Before the elections in April 1994, the liberation movements used some of these sites to commemorate the Soweto uprisings to great effect to mould historical and national consciousness among black people. This is because history had come to be seen as an important oppositional tool in the country’s political culture.
For example, all liberation movements emphasised black students’ resistance to oppression in 1976. This was done by using popular memories of members of the 1976 generation who had, by then, affiliated to the different liberation movements, the United Democratic Front and trade unions. Some of them, such as Murphy Morobe, held leadership positions within these organisations.
But these commemorations were a highly contested terrain, held at different venues and according to political affiliation, as they still are today. During these services, various memories and counter-memories are presented. What has become apparent is that the ANC has shifted its position, because it no longer uses these commemorations to emphasise the resistance put up by black societies during the apartheid years. Their focus now is on national reconciliation and nation-building.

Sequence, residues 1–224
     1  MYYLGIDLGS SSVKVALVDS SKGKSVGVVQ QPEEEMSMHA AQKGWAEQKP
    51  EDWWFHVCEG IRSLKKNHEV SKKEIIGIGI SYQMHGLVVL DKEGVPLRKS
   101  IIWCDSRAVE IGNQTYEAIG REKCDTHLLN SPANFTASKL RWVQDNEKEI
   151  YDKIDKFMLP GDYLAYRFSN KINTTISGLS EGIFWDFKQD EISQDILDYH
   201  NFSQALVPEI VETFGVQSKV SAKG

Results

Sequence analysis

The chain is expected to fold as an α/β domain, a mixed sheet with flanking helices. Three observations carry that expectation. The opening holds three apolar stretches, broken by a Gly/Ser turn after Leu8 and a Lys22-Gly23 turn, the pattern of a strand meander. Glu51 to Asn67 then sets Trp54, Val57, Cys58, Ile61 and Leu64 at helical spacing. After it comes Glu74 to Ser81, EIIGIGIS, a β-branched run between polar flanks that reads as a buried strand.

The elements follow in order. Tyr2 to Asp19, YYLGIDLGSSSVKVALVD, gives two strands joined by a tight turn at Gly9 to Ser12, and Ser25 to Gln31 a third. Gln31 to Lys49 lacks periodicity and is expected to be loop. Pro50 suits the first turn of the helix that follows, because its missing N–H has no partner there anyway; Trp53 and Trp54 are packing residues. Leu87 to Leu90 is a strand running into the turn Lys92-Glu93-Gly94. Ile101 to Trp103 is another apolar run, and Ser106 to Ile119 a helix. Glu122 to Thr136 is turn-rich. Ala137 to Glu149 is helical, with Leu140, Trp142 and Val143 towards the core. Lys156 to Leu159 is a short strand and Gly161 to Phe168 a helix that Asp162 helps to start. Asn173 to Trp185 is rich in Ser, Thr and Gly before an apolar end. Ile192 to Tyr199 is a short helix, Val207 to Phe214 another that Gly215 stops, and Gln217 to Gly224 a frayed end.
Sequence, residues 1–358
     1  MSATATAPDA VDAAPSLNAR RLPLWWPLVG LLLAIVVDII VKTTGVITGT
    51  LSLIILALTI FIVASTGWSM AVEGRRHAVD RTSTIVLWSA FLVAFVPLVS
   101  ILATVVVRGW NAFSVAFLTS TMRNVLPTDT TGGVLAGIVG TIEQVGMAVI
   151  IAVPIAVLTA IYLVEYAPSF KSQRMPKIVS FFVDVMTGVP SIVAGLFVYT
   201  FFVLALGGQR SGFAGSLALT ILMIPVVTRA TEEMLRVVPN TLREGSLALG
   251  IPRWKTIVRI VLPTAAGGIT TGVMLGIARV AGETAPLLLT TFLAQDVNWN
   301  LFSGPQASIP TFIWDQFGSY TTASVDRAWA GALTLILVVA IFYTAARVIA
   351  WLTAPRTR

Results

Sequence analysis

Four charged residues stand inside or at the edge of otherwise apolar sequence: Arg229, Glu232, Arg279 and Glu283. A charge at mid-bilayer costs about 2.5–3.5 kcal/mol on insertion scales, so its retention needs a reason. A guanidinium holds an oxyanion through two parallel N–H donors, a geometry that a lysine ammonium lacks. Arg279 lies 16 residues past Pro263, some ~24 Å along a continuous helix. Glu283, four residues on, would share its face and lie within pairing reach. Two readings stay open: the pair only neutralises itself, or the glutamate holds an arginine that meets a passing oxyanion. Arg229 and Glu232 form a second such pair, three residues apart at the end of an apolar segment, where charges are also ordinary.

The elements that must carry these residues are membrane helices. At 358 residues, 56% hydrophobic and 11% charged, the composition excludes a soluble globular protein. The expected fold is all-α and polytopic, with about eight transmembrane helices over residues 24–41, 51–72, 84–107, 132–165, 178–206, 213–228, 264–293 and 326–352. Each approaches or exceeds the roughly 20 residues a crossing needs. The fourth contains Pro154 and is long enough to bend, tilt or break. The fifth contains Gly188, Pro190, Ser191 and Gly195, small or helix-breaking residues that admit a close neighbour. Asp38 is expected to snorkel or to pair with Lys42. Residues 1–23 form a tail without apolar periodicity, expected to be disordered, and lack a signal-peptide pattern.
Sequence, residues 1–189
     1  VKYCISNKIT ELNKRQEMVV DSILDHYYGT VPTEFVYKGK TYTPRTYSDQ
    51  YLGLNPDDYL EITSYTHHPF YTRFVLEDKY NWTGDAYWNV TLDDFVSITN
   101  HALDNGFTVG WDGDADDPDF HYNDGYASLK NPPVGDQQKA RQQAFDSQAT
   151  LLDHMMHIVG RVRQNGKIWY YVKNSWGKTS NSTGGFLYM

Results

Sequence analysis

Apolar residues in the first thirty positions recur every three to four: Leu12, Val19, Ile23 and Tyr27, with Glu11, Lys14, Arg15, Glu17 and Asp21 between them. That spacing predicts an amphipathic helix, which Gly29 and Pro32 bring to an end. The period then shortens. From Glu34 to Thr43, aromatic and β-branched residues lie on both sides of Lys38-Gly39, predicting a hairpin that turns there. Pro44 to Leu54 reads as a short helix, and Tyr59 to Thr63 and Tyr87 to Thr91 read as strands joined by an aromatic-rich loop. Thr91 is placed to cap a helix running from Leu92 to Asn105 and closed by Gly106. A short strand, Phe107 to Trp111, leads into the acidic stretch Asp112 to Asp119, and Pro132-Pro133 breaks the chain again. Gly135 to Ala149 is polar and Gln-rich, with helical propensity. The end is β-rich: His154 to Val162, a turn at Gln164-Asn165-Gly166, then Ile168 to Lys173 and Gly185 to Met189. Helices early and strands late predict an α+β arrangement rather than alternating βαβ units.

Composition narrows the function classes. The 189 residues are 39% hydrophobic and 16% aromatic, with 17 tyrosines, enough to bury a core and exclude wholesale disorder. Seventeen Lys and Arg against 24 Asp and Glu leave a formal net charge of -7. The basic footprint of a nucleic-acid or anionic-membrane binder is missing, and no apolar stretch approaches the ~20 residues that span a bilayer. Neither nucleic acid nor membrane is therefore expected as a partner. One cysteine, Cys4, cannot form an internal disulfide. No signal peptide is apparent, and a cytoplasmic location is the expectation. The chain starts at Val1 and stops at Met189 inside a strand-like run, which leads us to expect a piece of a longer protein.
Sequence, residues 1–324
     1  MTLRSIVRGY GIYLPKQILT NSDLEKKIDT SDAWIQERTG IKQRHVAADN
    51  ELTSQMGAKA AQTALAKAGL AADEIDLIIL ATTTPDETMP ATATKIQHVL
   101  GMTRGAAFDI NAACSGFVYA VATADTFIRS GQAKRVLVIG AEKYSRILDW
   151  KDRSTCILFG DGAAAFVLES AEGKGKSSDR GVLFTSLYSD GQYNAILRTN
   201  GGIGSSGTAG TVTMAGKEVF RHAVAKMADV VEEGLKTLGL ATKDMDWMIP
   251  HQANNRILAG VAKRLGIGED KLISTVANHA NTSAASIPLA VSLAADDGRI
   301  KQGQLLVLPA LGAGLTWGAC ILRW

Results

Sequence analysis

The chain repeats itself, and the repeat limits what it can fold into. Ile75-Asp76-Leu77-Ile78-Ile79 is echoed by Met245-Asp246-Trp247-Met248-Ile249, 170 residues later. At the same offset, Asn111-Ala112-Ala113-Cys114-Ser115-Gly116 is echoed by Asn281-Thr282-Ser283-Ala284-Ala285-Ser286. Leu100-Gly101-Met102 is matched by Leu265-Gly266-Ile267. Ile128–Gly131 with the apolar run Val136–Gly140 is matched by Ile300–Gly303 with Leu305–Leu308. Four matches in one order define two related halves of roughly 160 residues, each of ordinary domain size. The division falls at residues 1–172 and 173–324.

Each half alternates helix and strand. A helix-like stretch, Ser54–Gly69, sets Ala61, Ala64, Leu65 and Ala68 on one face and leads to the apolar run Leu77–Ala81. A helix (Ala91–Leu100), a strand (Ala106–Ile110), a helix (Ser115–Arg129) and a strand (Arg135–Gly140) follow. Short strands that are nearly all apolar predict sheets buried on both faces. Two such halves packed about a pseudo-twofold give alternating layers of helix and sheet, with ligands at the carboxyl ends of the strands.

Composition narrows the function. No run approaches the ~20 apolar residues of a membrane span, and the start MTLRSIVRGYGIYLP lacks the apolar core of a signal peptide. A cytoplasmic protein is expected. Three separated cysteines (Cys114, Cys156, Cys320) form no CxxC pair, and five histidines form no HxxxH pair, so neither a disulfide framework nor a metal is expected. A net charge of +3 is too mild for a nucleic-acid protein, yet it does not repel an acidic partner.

This was quite apparent in Nelson Mandela’s gesture towards the Springboks national rugby team at a 1995 Youth Day rally held at Ezakheni township in KwaZulu-Natal. This event was reported in various media, which did not miss the opportunity to mention that Mandela was wearing a Springbok cap.
The Saturday Star reported that he urged youthful supporters to back the Springboks, whom he described as “our kind”. It is also reported that he made a special plea to youth to co-operate with the once-hated police.
The Springbok captain, Francois Pienaar, returned the gesture and commented: “To have your own president wearing a Springbok hat in the townships and telling the people to back the Springboks is a tremendous feeling.”
Both the PAC and Azapo had explicit political messages to deliver on this day. They chided the government of national unity for treating this day with contempt and disrespect — a pop concert was arranged in Mmabatho on Youth Day in 1995. It was reported in some newspapers that fighting broke out among the fans, and those injured were admitted to hospital. They clamoured to see pop music idol Rebecca Malope and not, it seemed, to hear their political heroes on Youth Day.